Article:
Zachor: Amalek and Shabbos
Parshat Zachor (Deuteronomy 25:17-19 )
To give us an idea of the intense wickedness of the nation of Amalek, our Sages make the following assertion:
Amalek is the opposite of Shabbos. (Pirkei D'Rabbi Eliezer 43:1)
To explain this rather strange statement, my holy father offered the following explanation: The Ten Commandments appear in the Torah on two occasions, in Shemos, chapter 20 and in Devarim, chapter 5, in slightly different versions. It is well known in Jewish thought that the first of these is the text that was inscribed on the first set of tablets, which were eventually broken by Moshe. The variation in Devarim is the version of the commandments which appeared on the second, replacement set of tablets. Different reasons for the observance of Shabbos are given in each.
For in six days God made the heaven and the earth, the sea and all that is in them, and He rested on the seventh day; therefore, God blessed the day of Shabbos, and He made it holy. (Shemos 20:11)
Remember that you were a slave in the land of Egypt, and the Lord your God brought you out from there with a strong hand and an outstretched arm; therefore the Lord your God commanded you to observe the day of Shabbos.(Devarim 5:15)
So the fundamental reasons why we must keep Shabbos are to recall God's creation of the world in six days and the Exodus from Egypt. Let us investigate the underlying connection between these explanations and the actual function of Shabbos.
During the six days of Creation, the material world was brought into being, but until the first Shabbos it lacked any sort of spiritual existence. This meant that it could not relate to its ultimate Source - God - Who, of course, does not exist in a corporeal sense. When Shabbos came, a holy soul, as it were, was breathed into the physical earth, giving it the means by which to connect to God. We can say, therefore, that the aspect of Shabbos that was mentioned on the first set of tablets was the ability of our weekly Shabbos to emulate the first Shabbos of Creation. This means that Shabbos enables our lives to contain an element of the Divine, to blow a spark of eternity and ultimate purposefulness into the mundane. Indeed, the Jew is granted a neshamah yeseirah (extra soul) on every Shabbos, reflecting the day's higher, more spiritual goals, which are intended to permeate the whole week.
The Exodus from Egypt, on the other hand, reflects a completely different aspect of Shabbos. God overthrew the normal order of nature, striking the Egyptians with plague after supernatural plague, culminating in the departure of a nation of three million souls in one night from the most sophisticated and ruthless country in the ancient world. God harnessed the whole of the physical world to His holy aims. The entire gamut of corporeality acknowledged His power and trembled at the revelation of His Presence. As the Song at the Sea tells us:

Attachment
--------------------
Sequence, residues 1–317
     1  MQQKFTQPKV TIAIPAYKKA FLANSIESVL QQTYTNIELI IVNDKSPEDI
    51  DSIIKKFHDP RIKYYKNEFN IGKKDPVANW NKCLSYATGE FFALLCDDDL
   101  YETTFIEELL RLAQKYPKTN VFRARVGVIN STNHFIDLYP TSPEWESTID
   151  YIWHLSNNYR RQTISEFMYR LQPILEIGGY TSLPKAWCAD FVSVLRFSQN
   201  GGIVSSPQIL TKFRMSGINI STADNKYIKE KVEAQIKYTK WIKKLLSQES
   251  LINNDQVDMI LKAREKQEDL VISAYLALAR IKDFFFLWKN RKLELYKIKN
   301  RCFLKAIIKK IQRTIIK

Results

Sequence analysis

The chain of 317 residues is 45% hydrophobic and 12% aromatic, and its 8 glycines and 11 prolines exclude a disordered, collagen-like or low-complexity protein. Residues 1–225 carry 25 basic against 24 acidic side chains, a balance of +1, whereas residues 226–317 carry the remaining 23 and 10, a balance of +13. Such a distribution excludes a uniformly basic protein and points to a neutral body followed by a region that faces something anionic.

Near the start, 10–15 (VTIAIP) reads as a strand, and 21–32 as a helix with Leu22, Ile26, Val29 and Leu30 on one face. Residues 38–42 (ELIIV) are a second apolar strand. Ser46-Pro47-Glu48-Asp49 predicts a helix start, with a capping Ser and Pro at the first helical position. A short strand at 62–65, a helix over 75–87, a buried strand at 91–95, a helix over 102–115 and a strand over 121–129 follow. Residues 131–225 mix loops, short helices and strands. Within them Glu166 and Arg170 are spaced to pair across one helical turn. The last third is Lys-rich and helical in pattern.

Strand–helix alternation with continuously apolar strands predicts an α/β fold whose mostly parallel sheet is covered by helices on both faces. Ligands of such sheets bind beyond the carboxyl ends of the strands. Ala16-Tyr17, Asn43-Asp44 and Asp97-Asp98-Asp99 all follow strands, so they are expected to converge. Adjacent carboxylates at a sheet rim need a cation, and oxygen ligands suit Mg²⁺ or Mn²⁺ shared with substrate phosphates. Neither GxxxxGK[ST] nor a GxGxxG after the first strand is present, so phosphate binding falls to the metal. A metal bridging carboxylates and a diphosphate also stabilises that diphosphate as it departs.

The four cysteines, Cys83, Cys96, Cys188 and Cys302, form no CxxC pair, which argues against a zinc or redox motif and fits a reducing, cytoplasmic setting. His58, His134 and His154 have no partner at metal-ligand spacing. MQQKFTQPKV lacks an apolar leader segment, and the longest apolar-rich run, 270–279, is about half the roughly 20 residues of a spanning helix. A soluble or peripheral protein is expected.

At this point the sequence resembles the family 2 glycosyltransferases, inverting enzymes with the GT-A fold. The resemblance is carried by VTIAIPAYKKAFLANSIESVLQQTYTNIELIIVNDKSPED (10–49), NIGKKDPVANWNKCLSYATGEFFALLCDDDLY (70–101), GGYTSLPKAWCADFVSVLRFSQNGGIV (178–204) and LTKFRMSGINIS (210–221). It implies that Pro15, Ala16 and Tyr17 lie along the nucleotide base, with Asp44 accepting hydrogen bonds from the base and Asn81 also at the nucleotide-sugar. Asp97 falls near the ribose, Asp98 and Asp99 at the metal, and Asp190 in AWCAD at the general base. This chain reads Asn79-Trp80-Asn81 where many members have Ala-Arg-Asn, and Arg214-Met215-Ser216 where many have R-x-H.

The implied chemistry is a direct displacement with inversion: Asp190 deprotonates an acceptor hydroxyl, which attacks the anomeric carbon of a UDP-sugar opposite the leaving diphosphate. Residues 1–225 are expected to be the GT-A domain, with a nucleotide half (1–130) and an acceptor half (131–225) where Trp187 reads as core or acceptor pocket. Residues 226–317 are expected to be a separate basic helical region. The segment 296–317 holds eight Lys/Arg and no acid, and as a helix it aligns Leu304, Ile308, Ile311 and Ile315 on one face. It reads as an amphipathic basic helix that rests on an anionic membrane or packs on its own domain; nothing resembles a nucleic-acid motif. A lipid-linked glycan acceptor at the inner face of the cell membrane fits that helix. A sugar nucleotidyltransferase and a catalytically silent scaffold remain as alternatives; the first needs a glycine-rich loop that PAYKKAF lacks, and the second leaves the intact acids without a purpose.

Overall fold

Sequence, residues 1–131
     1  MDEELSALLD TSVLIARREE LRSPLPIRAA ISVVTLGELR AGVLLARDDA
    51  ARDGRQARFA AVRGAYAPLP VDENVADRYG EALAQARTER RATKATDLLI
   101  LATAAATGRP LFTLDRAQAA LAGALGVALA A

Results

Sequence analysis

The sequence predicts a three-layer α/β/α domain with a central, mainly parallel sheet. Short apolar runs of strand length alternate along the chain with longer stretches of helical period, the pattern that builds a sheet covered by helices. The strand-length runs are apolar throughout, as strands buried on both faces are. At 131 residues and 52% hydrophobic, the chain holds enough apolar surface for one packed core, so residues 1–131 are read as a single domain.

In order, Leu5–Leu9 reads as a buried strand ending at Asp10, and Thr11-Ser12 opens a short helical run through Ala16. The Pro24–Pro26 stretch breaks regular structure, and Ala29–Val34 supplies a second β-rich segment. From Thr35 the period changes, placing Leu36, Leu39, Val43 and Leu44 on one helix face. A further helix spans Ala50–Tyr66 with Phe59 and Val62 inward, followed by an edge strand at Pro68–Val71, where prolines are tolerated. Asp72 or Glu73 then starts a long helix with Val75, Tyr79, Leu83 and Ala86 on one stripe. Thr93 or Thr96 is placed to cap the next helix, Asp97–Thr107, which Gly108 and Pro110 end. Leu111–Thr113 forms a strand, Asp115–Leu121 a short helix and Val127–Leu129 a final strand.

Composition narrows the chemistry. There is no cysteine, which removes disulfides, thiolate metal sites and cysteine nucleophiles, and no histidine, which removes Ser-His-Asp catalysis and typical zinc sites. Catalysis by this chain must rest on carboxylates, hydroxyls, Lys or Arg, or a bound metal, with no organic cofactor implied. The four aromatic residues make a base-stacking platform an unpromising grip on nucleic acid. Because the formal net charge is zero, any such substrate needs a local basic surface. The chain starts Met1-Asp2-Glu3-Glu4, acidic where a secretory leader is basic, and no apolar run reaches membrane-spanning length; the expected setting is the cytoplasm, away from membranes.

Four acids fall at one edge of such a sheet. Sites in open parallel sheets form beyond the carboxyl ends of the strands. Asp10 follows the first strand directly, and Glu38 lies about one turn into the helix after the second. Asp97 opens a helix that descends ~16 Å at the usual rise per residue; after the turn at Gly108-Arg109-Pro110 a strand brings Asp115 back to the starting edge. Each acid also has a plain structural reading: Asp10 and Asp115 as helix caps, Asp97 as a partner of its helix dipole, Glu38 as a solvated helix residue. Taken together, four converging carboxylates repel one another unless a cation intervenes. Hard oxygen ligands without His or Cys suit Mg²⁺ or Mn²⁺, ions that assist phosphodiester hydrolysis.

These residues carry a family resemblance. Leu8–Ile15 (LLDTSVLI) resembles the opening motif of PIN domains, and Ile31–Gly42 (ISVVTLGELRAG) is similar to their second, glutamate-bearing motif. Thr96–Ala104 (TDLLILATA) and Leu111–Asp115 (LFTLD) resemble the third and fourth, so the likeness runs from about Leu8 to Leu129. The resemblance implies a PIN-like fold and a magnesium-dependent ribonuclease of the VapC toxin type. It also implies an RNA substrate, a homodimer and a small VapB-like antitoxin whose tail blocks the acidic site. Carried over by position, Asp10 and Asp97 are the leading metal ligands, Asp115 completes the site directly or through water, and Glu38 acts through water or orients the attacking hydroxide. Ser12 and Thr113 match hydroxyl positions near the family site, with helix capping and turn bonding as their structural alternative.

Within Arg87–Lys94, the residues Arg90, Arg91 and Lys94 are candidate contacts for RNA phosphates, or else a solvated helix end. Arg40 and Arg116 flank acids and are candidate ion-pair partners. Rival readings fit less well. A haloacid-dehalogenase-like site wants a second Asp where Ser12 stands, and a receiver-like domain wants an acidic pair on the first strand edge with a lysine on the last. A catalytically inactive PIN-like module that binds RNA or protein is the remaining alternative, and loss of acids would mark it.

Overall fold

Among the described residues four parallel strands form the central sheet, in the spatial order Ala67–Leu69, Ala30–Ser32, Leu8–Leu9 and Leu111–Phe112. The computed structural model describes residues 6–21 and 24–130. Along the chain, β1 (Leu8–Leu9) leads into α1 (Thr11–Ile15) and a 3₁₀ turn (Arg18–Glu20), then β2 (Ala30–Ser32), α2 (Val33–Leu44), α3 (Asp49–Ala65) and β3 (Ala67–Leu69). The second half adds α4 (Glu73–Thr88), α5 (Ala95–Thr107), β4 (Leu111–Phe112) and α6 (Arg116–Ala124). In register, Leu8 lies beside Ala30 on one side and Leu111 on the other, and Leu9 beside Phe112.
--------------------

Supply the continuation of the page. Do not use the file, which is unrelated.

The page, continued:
People heard and were frightened; terror gripped the inhabitants of Philistia. Then the chiefs of Edom were confounded; trembling seized the powers of Mo'av; all the dwellers of Canaan melted. (Shemos 15:14-15)
Since the second version of the Ten Commandments indicates that we keep Shabbos as a remembrance of these tremendous events, we may assume that this intense revelation of Divinity reoccurs each week. Indeed, the spiritual light of Shabbos is intended to make a great impact on us and on all of the material world. On Shabbos, our physicality is supposed to be abnegated by the all-pervading Presence of God. We and our world are supposed to be "embarrassed," as it were, at our inadequacy in comparison with the spiritual reality which surrounds us on Shabbos. In fact, the Hebrew word for "embarrassment," bushah, has the same basic letters as Shabbos.
Amalek's behavior reflected the precise opposite of these two primary aspects of Shabbos. When the Torah admonishes us to remember and annihilate Amalek, it tells us:
...how he chanced upon you on the way. (Devarim 25:18)
The word here for "chanced upon" is a phrase denoting seminal emission and defilement. Amalek wanted to defile them with unnatural acts. (Rashi loc. cit.)
Amalek wanted to defile klal Yisrael, not just in the physical sense, but also spiritually. These perverted acts indicated a desire to penetrate the spiritual core of the nascent Jewish people and to contaminate it with dross and evil. This, of course, is the precise opposite of the first intention of Shabbos - to fill our mundane, corporeal lives with holiness and purity, as explained above.
The second intention of Shabbos - allowing the revelation of God's glory to overpower our physical existence - was also frustrated by the deeds of Amalek. When every nation in the world stood in awe and fear at the might of the God of Yisrael, and would not dare contemplate attacking them, Amalek was different.
For the other nations feared to wage war against you, but this one [Amalek] came and started, showing the way to others. (Ibid.)
Amalek was totally unimpressed by the magnificent revelation of God's power and thus attacked Yisrael soon after the crossing of the Yam Suf. This complete arrogance in the face of the greatness of the Creator is the exact opposite of the humbling, almost physically draining effect that the spiritual light of Shabbos is supposed to have on us.
Perhaps this is why it is more appropriate to read about Amalek and our obligation to obliterate it on Shabbos rather than on any other day of the week. For by keeping Shabbos as the Creator intended, we are already partly on the way to vanquishing the evil perpetrated and perpetuated by the archenemy of Yisrael.